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HM Submarine Ocelot Digital tour

Stop 1

Introduction

Welcome to the HMS OCELOT digital tour.  For the best experience, please remain at the stops when accessing the information provided and watch your step as you proceed around the dock.

HMS OCELOT was the last warship built for the Royal Navy here at Chatham.

HMS OCELOT was the 54th submarine built at Chatham.  Construction began on the 17th November 1960, and she was launched into the River Medway on 5th May 1962.

An O-Class submarine is a diesel-electric submarine. She has two large diesel engines on board, but these engines do not power the submarine. Instead, they are connected to two large electric motors which create electricity.

HMS OCELOT has travelled around the world. In 1964 she joined the Third Submarine Squadron based in Scotland. During her first three years she travelled over 90,000miles operating around the UK, the Mediterranean Sea and the Baltic.

These OCLEOT 50 information panels give more details about HMS OCELOT’s construction here at the Dockyard.


Stop 2

Acquisition and Preservation

For the best experience, please remain at the stops when accessing the information provided and watch your step as you proceed around the dock.

On de-commissioning in September 1991, HMS OCELOT was prepared for disposal by the Royal Navy, her life as a Royal Navy submarine was over. Important equipment and materials were removed to refit other submarines that were still in service.

At this time, the Chatham Historic Dockyard Trust was able to acquire HMS OCELOT into their collection, to celebrate the rich history of submarine construction by the Royal Naval Dockyard at Chatham.

Over the next 3 years HMS OCELOT was restored internally. Missing equipment was sourced through visits to other Naval bases, dockyards and shipbreakers.

Following her time in No2. Basin, HMS OCELOT was moved to this location, No.3 Dock. Support stands were positioned on the floor of the dock, then the caisson was opened allowing the River Medway to flood in. The submarine was manoeuvred into position above the supports, then the caisson was closed.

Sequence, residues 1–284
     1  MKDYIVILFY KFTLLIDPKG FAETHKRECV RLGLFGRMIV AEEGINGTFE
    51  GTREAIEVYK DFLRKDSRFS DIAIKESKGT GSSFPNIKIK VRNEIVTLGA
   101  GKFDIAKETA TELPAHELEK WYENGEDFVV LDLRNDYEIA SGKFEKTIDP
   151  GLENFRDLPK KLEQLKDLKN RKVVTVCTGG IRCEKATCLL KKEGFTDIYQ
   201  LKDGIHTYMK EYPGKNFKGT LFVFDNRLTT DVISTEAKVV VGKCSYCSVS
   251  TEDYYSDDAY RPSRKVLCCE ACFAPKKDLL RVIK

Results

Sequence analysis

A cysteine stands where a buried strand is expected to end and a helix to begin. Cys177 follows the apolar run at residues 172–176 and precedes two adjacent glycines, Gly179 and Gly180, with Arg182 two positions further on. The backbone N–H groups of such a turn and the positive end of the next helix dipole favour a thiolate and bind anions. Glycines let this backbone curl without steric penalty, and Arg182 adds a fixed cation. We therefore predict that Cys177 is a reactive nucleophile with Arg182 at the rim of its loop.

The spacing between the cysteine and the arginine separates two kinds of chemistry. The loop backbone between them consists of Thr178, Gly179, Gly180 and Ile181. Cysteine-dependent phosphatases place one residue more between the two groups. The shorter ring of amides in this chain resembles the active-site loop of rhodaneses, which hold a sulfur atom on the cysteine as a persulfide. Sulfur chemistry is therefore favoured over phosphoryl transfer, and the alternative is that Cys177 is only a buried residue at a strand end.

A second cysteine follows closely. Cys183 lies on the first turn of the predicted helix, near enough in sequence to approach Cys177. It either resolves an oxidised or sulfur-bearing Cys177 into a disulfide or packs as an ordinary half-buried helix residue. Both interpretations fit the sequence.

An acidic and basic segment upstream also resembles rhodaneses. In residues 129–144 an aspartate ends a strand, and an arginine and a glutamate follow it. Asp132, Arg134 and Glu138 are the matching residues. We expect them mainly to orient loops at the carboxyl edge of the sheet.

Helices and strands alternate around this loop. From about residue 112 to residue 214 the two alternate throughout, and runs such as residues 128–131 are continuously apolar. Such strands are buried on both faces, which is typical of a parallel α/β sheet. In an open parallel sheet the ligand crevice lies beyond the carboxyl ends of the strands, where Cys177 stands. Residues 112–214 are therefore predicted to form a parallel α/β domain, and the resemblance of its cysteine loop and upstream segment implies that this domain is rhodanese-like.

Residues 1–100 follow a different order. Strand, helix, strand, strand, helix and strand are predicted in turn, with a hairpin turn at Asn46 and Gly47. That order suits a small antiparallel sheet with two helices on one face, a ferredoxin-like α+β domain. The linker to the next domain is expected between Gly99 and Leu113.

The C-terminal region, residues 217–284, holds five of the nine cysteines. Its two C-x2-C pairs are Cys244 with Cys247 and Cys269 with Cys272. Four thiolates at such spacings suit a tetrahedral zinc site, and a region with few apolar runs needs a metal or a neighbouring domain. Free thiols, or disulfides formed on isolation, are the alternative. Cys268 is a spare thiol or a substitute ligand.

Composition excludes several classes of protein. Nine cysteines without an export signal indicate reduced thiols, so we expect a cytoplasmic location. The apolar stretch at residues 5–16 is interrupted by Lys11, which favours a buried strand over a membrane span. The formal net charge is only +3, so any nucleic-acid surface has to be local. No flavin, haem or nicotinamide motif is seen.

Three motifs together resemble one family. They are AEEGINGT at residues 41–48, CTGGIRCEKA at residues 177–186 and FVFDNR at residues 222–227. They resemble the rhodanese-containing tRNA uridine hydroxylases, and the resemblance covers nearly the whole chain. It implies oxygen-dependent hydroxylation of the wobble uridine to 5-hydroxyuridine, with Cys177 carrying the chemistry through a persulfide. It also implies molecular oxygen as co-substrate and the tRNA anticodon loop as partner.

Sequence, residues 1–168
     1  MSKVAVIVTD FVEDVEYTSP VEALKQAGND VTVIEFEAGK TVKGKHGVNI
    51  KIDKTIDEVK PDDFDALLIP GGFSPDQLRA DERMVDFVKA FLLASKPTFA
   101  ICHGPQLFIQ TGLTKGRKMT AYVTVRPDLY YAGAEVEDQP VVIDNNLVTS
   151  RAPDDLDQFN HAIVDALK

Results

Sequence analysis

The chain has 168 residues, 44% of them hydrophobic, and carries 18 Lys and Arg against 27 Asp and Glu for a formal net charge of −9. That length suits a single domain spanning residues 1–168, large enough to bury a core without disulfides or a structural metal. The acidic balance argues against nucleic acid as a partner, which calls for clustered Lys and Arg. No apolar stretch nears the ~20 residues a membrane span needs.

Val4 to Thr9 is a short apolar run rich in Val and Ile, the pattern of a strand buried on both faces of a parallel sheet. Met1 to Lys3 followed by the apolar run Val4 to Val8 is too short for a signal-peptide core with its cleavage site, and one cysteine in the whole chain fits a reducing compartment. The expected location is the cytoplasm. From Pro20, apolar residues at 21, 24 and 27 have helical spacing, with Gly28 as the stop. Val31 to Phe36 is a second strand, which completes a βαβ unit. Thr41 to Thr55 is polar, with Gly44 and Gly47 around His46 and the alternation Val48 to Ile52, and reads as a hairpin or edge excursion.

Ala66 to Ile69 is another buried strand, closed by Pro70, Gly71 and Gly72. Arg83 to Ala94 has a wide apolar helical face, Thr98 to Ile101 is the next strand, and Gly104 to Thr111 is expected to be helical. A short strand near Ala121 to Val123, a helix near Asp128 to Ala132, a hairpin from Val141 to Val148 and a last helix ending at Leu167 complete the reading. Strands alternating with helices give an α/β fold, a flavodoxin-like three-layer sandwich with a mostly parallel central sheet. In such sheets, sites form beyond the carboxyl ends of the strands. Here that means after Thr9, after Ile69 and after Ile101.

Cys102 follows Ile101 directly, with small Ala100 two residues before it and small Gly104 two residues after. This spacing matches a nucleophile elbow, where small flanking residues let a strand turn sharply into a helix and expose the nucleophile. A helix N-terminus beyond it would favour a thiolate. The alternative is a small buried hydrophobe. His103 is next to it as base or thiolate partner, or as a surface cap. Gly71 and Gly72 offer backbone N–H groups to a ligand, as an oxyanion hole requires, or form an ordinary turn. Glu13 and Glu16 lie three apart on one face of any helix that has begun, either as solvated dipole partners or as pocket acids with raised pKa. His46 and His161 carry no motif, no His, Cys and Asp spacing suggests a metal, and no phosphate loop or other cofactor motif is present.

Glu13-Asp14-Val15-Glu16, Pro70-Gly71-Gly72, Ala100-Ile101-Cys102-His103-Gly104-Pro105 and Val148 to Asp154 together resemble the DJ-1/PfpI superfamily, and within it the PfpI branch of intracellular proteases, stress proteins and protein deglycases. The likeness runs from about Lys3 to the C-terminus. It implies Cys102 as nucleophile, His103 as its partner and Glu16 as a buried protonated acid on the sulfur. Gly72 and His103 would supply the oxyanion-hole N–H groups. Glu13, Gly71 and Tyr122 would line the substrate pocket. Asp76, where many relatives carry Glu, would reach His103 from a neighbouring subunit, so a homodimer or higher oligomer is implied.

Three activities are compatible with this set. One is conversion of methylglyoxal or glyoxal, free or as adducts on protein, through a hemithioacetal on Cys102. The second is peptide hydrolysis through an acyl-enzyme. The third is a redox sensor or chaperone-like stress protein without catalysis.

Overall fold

Normally ships are kept with water in the dock, just like HMS CAVALIER and HMS GANNET. This allows the water to support the shape of the hull, removing pressure and stress on the frame. However, a submarine does not need this support as it is constructed as a steel tube that can support itself.

Hear the memories of HMS OCELOT’s arrival at The Historic Dockyard Chatham by Richard Holdsworth MBE – former Director of Heritage, Public Engagement and Learning.

 

how HMS OCELOT looks today…


Stop 3

Propulsion and Steering

For the best experience, please remain at the stops when accessing the information provided and watch your step as you proceed around the dock.

Submarines are able to travel the world’s oceans undetected for months at a time. Here you can see the aft end of HMS OCELOT which is the rear of the submarine, and some of the special features that allow submarines to be controlled in the water.

When the huge ballast tanks are filled with water, the submarine increases in weight and  this creates negative buoyancy, so the force of up-thrust holding it at the surface is reduced. The submarine sinks to the seabed.

There are two hydroplanes at the front of the submarine (currently raised) which control the depth of the submarine. These would drop down like small fins or wings to help the submarine change depth.

When preparing to dive quickly, a Klaxon would be sounded in the Control Room. This was part of the rapid dive process which would submerge the submarine in approximately 1 minute.

You will notice that the two large propellers that would have turned to move the submarine forwards are missing. It is believed that HMS OCELOT’s propellers are stored in a secret location.

The propeller shaft is connected to motors which are powered by the batteries within the submarine. The 2 large diesel engines onboard, each producing 3680bhp, are connected to two 2,200kW electric motors. These motors generate electricity which is fed into the batteries.

HMS OCELOT could travel at a full speed of 18knots (21mph) while submerged, and 14 knots (16mph) when surfaced, but at these speeds when submerged, the batteries would only last 35 minutes before having to be recharged by the engines.


Stop 4

Navigation and Communication

For the best experience, please remain at the stops when accessing the information provided and watch your step as you proceed around the dock.